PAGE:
kutadsu atı ber iki cihân
May he be happy, may his name spread to the two worlds
——Kutadgu Bilig 88

bayat ok bolu ber arka yölek
May Allah become your pillar
——Kutadgu Bilig 90

tuta ber teŋri bu taht birle baht
May god bring you happiness too
——Kutadgu Bilig 92

Despite the prevalence of Islamic wisdom (from hadiths and the Qurˀān), Persian calques, and Persian and Arabic vocabulary, there are no specific references to Islamic texts, nor are Persian or Arabic words used for Islamic concepts. This strengthens the argument that Islam came into Central Asia through wandering Sufis.


The author of the Kutadgu Bilig used the Arabic mutaqārib metre, consisting of couplets of two rhyming 11-syllable lines, often broken down further—the first six syllables forming the first group in each line, and the last five syllables forming another group. This is the earliest known application of this metre to a Turkic language. The original metre is composed of preceding short and long vowels:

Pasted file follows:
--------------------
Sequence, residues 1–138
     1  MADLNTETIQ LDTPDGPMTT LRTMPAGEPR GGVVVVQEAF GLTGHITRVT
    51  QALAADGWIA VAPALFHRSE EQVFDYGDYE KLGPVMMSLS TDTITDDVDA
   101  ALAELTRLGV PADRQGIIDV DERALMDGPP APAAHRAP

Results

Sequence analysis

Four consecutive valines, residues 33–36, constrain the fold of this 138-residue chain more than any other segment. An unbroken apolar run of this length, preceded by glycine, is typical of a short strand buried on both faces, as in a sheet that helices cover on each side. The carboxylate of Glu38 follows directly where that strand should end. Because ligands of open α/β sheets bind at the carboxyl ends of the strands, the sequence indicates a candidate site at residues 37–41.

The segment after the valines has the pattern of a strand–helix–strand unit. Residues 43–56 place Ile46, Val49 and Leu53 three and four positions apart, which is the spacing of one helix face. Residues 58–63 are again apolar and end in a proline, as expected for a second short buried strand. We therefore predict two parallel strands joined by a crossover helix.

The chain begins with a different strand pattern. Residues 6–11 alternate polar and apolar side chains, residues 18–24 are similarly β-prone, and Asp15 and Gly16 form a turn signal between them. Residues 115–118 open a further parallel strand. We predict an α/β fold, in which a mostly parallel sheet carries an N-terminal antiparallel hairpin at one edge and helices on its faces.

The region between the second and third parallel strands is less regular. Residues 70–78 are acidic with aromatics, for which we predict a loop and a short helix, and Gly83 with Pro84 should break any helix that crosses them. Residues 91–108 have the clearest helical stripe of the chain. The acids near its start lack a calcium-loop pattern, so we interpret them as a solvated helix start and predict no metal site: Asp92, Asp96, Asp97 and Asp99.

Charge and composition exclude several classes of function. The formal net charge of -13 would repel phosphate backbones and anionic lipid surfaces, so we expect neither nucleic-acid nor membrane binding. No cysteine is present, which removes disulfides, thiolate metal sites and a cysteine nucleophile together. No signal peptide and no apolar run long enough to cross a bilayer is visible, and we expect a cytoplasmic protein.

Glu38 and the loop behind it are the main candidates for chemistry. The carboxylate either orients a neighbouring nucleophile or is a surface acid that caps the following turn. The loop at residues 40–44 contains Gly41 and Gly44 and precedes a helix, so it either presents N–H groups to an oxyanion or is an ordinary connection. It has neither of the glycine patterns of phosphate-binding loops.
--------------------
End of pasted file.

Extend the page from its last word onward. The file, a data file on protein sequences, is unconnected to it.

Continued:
Vowel 1 Vowel 2 Vowel 3
short long long
short long long
short long long
short long

Since Turkic language did not differentiate between short and long vowels, he transformed them to open and close syllables, for example:

Vowel 1 Vowel 2 Vowel 3
ya(open) ġiz (close) yir(close)
yı(open) par(close) tol(close)
dı(open) kaf(close) ur(close)
ki(open) tip(close)
be(open) zen(close) mek(close)
ti(open) ler(close) dun(close)
ya(open) kör(close) kin(close)
i(open) tip(close)

(The snow molten, the earth full of fragrance,Taking off the winter clothes, the world is in new elegance.

——Kutadgu Bilig·Volume 4·2)